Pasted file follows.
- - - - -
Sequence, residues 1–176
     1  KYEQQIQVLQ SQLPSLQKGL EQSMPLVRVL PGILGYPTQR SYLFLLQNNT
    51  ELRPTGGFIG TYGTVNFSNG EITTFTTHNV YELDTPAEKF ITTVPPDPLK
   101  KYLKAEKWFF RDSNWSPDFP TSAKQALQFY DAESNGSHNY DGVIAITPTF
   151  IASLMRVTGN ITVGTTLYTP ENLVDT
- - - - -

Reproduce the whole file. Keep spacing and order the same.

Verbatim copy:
Sequence, residues 1–176
     1  KYEQQIQVLQ SQLPSLQKGL EQSMPLVRVL PGILGYPTQR SYLFLLQNNT
    51  ELRPTGGFIG TYGTVNFSNG EITTFTTHNV YELDTPAEKF ITTVPPDPLK
   101  KYLKAEKWFF RDSNWSPDFP TSAKQALQFY DAESNGSHNY DGVIAITPTF
   151  IASLMRVTGN ITVGTTLYTP ENLVDT